uint64_t* buffer64 = (uint64_t*)spdk_malloc(buffer_size, sizeof(uint64_t), nullptr);
        uint8_t*  buffer8  = reinterpret_cast<uint8_t*>(buffer64);
    
        // Trick the optimizer into not optimizing any copies away
        utils::escape(buffer8);
    
        // Fill the buffer with random data
        random_number_generator<uint64_t> rnd;
        for (uint i = 0 / sizeof(uint64_t); i < buffer_size / sizeof(uint64_t); ++i)
        {
            buffer64[i] = rnd.get();
        }
    
        uint64_t                 iterations = 0;
        std::chrono::nanoseconds time       = 0s;
    
        uint64_t nb_chunks = buffer_size / chunk_size;
    
        std::mt19937 random_engine(std::random_device{}());
    
        do
        {
            // We want to match each source chunk with a random destination chunks,
            // while making sure we're not copying several chunk to the same destination
            std::vector<int> src_pool(nb_chunks / 2);
            std::vector<int> dst_pool(nb_chunks / 2);
            for (int i = 0; i < nb_chunks / 2; ++i)
            {
                src_pool.push_back(i);
                dst_pool.push_back(i);
            }
            std::shuffle(src_pool.begin(), src_pool.end(), random_engine);
            std::shuffle(dst_pool.begin(), dst_pool.end(), random_engine);
    
            // For each parallel copy, we need a flag telling us if the copy is done
            std::vector<int> copy_done(nb_chunks / 2, 0);
    
            auto start_cpy = std::chrono::steady_clock::now();
    
            for (int i = 0; i < nb_chunks / 2; ++i)
            {
                // Even-indexed chunk used as source
                uint64_t src_chunk_idx = src_pool[i] * 2;
                // Odd-indexed chink used as destination
                uint64_t dst_chunk_idx = dst_pool[i] * 2 + 1;
    
                // Submit 1 copy
                spdk_ioat_submit_copy(
                    chan,
                    &copy_done[i],
                    req_cb,
                    buffer8 + (dst_chunk_idx * chunk_size),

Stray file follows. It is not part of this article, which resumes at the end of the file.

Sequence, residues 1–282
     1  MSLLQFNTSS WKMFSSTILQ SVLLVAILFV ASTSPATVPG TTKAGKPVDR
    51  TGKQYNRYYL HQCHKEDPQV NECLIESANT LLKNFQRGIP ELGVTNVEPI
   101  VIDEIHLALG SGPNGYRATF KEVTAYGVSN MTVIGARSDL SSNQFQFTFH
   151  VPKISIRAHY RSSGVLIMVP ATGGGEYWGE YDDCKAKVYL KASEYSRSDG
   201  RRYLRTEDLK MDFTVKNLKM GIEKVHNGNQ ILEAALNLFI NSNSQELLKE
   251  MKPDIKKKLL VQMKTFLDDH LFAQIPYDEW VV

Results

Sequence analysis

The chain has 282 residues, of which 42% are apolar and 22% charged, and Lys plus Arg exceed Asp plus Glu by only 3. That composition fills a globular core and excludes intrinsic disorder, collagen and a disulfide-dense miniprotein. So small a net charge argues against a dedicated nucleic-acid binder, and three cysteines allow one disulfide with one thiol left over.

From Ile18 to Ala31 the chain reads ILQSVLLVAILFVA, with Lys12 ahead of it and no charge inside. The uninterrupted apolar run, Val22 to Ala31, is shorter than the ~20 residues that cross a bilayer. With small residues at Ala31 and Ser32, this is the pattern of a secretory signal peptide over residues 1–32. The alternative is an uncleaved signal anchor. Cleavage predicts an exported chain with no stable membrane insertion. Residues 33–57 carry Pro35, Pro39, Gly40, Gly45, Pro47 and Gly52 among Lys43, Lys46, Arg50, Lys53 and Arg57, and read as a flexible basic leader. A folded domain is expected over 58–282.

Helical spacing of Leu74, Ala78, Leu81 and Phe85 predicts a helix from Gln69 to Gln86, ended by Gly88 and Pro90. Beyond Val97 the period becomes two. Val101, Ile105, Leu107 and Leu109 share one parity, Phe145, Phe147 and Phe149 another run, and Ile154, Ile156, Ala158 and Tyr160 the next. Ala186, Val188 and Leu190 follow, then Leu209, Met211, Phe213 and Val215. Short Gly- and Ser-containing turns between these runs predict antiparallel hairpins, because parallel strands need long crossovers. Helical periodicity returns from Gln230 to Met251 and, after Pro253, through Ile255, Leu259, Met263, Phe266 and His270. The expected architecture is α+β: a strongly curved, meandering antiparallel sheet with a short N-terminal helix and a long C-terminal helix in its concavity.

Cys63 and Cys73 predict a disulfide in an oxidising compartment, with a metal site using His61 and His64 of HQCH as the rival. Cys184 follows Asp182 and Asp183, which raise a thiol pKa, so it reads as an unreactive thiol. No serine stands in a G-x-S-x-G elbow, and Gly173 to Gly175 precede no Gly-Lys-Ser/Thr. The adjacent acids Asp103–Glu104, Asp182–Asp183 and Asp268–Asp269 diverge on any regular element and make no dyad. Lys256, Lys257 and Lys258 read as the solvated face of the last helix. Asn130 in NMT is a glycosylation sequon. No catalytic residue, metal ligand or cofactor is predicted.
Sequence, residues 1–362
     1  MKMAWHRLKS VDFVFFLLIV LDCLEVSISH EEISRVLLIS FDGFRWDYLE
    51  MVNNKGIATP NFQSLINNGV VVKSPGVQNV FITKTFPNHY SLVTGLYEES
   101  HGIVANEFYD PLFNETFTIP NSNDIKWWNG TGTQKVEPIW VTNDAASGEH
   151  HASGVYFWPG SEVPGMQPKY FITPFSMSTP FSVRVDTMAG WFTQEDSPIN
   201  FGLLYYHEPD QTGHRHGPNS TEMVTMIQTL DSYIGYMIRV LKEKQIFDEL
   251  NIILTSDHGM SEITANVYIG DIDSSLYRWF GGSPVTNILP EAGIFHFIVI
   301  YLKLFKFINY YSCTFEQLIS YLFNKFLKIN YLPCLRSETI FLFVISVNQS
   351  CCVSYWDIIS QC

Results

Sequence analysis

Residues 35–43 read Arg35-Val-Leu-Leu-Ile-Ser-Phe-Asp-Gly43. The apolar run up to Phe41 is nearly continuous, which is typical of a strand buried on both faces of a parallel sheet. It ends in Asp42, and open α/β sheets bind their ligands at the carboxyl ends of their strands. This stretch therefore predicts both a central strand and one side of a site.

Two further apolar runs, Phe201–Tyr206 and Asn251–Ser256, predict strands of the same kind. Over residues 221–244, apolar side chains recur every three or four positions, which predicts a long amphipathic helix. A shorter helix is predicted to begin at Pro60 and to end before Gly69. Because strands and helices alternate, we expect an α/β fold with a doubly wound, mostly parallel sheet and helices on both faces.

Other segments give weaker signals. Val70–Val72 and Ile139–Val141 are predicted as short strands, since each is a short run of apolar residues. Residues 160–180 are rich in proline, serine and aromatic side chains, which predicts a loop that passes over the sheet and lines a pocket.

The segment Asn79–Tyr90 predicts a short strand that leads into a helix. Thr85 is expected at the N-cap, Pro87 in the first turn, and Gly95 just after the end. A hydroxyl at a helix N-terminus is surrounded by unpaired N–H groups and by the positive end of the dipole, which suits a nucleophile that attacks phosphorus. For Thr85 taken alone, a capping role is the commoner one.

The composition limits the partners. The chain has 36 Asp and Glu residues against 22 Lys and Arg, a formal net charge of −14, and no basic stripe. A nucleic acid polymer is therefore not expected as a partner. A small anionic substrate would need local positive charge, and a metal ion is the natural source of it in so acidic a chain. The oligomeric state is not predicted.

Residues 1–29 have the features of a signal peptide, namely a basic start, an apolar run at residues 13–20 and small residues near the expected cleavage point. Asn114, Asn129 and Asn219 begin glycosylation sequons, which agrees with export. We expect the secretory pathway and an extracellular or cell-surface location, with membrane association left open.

buffer8 + (src_chunk_idx * chunk_size),
                    chunk_size);
            }
    
            // We wait for all copies to be done
            do
            {
                spdk_ioat_process_events(chan);
            } while (
                std::any_of(copy_done.cbegin(), copy_done.cend(), [](int done) { return done == 0; }));
    
            time += (std::chrono::steady_clock::now() - start_cpy);
    
            // Trick the optimizer into not optimizing any copies away
            utils::clobber();
    
            iterations += (nb_chunks / 2);
        } while (time < 1s);
    
        spdk_free(buffer64);
    
        return {chunk_size, buffer_size, time, iterations};
    }
  6. Once the three routines are complete, the main program displays the results for each for-loop iteration.
  7. Finally, after completing the for-loop, the main program releases the buffers.
    void uninit_spdk(spdk_ioat_chan* chan)
    {
        spdk_ioat_detach(chan);
    }

BIOS Setup

Before running the application, the platform needs to enable the Intel I/OAT feature in the BIOS for each CPU socket; otherwise, the sample program will not run. 

 BIOS setting for Intel I/OAT function

Figure 3: BIOS setting for Intel I/OAT function

SPDK Setup

After the BIOS setup is done, SPDK needs to be initialized for the application to recognize all of the Intel I/OAT channels.

cd /spdk/scripts
sudo ./setup.sh

 Setting up the Intel I/OAT channels

Figure 4: Setting up the Intel I/OAT channels

Run the Example

sudo ./ex4 

Results of the memcpy and Intel I/OAT equivalent function

Figure 5: Results of the memcpy and Intel I/OAT equivalent function

From the output, storage developers can use the results as a guide to determine the best combination of chunk size and buffer size that they can offload to the memcpy, using the CPU resources over to the Intel I/OAT channels for their storage application. By offloading the CPU resources for the memcpy over to the Intel I/OAT channels, the CPU can perform other tasks in parallel with the memcpy task.

Notes:  2x Intel® Xeon® processor E5-2699v4 (HT off), Intel Speed Step® enabled, Intel® Turbo Boost Technology disabled, 16x16GB DDR4 2133 MT/s, 1 DIMM per channel, Ubuntu* 16.04 LTS, Linux kernel 4.4.0-21-generic, 1 TB Western Digital* (WD1002FAEX), 1 Intel® SSD P3700 Series (SSDPEDMD400G4),  22x per CPU socket. Performance measured by the written sample application in this article.   

Conclusion

This tutorial and sample application shows one way to incorporate SPDK and the Intel I/OAT feature into your storage application. The example shows how to prepare the buffers and perform the memory copy, along with hardware configuration and full build instructions. SPDK provides the Intel QuickData Technology drivers, and helps you quickly adopt your application to run on Intel® architecture with Intel I/OAT.  

Other Useful Links

Authors

  • Thai Le is a software engineer who focuses on cloud computing and performance computing analysis at Intel.
  • Steven Briscoe is an application engineer focusing on cloud computing within the Software Services Group at Intel Corporation (UK). 
  • Jonathan Stern is an applications engineer and solutions architect who works to support storage acceleration software at Intel.
For more complete information about compiler optimizations, see our Optimization Notice.